It’s a little bit special both in terms of taste and presentation and far easier to make now with the advent of fresh coconuts in supermarkets for drinking purposes. The flesh of the young coconut is just made for Thai curries so for a special occasion it’s certainly worth the time involved to hunt out some young coconuts.
Grill the chicken thighs under a hot grill or sear in a pan for
a few minutes. They will be fully cooked in the sauce later so don’t overcook
at this stage. Slice them into eating sized portions and marinate for five
minutes with a spoonful of dark soy sauce.
Sauté the cherry tomatoes in a little vegetable oil, they are
ready when the skin starts to split. Reserve. Add the red curry paste to the
pan and half the coconut milk, using the thicker part of the milk at the top of
the can if possible. Heat until it bubbles.
Add the grilled chicken to the sauce followed by most of the
coconut flesh reserving a few strips for later. Stir and heat through for a
minute or two until once again the sauce starts to bubble. Add the remainder of
the coconut milk.
Add the vegetables. Cover the pan and simmer for 10 minutes or
until the chicken is cooked through.
Put curry into coconut garnishing with the reserved strips of
coconut flesh and some finely chopped kaffir lime leaf if you have it. Enjoy!
On your travels you may have seen coconut sellers holding a
young coconut in one hand and slicing the top off it using a machete held in
the other hand. Not something I would recommend! Here is a much easier way to
do it. How to open a
As always using
the “right” type of coconut milk is a game-changer. See here.
My first confession is that that I never thought I would be sitting here writing a recipe for a Thai Curry pie, but times change and we change with them or stagnate. My interest was sparked on my first trip back to Bangkok after the pandemic, chicken curry puffs have long been a popular Thai snack but savoury pies, usually steak and kidney, were very much something that was restricted to the Bangkok expat pub scene. All that had changed, bake shops were springing up outside the traditional to...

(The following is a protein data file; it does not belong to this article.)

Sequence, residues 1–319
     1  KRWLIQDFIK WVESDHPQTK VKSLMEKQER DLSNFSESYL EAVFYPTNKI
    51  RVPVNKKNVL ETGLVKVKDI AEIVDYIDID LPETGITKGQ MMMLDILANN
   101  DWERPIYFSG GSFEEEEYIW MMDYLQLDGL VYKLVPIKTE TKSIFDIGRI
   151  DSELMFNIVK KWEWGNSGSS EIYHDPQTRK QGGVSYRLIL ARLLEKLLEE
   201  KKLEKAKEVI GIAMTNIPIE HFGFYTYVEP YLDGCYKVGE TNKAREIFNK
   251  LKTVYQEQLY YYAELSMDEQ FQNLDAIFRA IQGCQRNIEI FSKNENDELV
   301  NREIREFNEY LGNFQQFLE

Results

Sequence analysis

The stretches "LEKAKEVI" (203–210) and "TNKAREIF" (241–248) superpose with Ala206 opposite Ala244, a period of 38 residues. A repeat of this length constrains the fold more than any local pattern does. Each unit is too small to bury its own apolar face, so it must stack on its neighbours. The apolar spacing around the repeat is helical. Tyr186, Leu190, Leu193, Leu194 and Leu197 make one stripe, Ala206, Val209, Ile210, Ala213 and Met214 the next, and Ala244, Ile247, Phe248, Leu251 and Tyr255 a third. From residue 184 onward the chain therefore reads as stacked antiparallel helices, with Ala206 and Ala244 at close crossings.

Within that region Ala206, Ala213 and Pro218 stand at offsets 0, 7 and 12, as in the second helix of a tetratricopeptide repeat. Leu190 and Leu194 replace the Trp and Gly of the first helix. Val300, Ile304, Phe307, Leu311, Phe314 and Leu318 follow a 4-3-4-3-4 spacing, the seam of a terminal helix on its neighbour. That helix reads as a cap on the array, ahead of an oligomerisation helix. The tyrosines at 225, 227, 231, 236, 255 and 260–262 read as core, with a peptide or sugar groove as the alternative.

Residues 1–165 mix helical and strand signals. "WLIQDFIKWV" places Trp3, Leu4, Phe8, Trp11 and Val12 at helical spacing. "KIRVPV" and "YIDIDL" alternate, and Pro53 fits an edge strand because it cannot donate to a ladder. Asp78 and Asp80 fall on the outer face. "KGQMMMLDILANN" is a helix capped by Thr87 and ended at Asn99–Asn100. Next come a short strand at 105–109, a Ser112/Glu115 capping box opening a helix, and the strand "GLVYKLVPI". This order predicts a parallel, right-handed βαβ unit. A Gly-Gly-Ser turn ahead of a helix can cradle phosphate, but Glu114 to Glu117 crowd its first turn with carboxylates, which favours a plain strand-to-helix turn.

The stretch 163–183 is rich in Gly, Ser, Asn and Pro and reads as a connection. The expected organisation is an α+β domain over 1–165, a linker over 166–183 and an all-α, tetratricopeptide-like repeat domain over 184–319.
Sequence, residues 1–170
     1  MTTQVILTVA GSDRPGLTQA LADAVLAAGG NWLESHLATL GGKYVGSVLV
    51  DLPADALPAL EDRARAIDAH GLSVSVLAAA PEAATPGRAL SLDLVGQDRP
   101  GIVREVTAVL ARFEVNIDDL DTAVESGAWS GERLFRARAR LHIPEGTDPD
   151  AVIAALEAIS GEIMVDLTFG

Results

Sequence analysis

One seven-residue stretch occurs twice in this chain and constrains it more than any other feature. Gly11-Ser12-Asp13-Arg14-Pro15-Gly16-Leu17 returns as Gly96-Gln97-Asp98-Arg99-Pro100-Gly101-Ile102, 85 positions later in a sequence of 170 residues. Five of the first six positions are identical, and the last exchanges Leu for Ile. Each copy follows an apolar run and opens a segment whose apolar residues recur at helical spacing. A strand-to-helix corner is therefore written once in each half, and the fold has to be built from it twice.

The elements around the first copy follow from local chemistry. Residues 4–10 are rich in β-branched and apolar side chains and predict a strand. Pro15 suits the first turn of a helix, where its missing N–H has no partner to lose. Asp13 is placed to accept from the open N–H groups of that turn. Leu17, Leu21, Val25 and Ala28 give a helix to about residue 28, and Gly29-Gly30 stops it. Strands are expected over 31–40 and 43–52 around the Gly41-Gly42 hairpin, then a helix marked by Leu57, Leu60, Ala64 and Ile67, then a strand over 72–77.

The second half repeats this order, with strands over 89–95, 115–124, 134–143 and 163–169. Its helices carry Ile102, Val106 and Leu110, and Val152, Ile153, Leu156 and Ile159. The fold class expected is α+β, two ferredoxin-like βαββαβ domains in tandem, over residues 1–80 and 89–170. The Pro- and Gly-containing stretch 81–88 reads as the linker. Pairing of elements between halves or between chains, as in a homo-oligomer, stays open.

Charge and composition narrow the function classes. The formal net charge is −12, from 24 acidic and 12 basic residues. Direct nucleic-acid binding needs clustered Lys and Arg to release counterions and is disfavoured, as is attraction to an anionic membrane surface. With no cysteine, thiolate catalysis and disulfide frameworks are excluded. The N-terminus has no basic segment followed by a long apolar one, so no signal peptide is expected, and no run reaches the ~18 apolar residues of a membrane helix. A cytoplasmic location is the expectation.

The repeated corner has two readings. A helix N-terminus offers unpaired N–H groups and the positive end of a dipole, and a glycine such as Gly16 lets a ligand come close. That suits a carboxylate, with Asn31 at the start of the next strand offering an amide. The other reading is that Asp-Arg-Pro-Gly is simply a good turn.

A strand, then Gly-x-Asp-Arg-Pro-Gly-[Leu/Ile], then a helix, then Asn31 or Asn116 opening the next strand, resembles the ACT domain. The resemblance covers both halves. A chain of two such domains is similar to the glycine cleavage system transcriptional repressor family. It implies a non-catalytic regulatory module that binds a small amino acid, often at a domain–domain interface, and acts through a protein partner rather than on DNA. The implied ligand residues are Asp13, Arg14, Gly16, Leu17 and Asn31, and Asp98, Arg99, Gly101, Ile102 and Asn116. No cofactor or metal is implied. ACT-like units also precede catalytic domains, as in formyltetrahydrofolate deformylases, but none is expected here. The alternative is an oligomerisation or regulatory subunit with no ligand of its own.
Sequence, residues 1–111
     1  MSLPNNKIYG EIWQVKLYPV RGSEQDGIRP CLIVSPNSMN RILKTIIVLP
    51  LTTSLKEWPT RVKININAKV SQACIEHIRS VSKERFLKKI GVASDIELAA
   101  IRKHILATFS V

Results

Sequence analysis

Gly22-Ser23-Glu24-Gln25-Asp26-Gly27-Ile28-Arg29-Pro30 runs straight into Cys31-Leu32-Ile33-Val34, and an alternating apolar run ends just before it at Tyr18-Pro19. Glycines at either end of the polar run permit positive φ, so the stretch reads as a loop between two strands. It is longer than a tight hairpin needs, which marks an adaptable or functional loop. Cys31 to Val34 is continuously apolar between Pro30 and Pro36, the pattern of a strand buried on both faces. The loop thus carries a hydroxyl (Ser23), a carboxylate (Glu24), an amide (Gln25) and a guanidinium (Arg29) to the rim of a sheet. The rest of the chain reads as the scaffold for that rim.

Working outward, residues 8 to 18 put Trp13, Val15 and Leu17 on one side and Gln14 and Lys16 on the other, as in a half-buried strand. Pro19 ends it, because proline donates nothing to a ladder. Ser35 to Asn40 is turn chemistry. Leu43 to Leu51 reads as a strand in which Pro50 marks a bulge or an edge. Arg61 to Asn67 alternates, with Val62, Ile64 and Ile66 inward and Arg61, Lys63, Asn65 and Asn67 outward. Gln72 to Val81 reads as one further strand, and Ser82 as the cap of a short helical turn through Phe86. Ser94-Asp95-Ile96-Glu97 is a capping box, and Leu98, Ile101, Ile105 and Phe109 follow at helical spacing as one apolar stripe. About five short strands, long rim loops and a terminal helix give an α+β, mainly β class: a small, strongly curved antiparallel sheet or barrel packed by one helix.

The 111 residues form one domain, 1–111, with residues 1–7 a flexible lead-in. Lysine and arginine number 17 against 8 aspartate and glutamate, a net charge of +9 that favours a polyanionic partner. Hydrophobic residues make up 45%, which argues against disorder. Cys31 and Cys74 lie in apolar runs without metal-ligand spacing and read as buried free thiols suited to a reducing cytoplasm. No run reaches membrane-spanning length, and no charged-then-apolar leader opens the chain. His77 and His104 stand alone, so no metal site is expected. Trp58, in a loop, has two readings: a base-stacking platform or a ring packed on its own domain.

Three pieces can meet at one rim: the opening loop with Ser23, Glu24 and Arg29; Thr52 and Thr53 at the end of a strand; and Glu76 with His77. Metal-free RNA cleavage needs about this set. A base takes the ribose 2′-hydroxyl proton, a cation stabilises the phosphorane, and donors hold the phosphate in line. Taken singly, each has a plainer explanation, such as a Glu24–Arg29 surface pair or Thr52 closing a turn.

I firmly believe that Khao Soi should be ranked as one of the world's great dishes. You can call it a curry or you can call it a noodle soup and it is both of those with more on top, literally on top! A broth of aromatic curry paste and orange-tinged coconut milk with tender chicken falling apart for you, boiled noodles lurking underneath and becoming coated with fragrant oil as they break the surface. Crispy noodles on top that you can manipulate and dunk into the sauce, make this dish..
This is a totally delicious way to serve roast chicken as well as being very simple to prepare. Cooking a whole chicken this way is practised in various forms throughout Asia, sometimes pot roasted, sometimes over hot coals and with many different curry pastes. Most often cooked in the home, rather than restaurants, which is most likely the reason why many Westerners are not familiar with the dish. Well, now is the time to change that and I promise you that you won't regret it! And of course ...
Give this a try if, like me, you can't be bothered to make your own paste and aren't keen on the disappointing (and overly garlicky, in my view) supermarket pastes. So simple to throw together a really tasty curry. Spice level is about right for me - a nice kick without being overwhelming. As another reviewer said, do read the blog on coconut milk as it really does make a difference between a creamy curry and a dubious tasting soup :-)
August 26, 2019
These pastes are amazing…tried Green ones too but this Red paste is the business. Didn’t have the coconut, and added some green beans and a few bits of dried red birds eye chilli as well…guests licked the plates! Love your pastes…thank you!!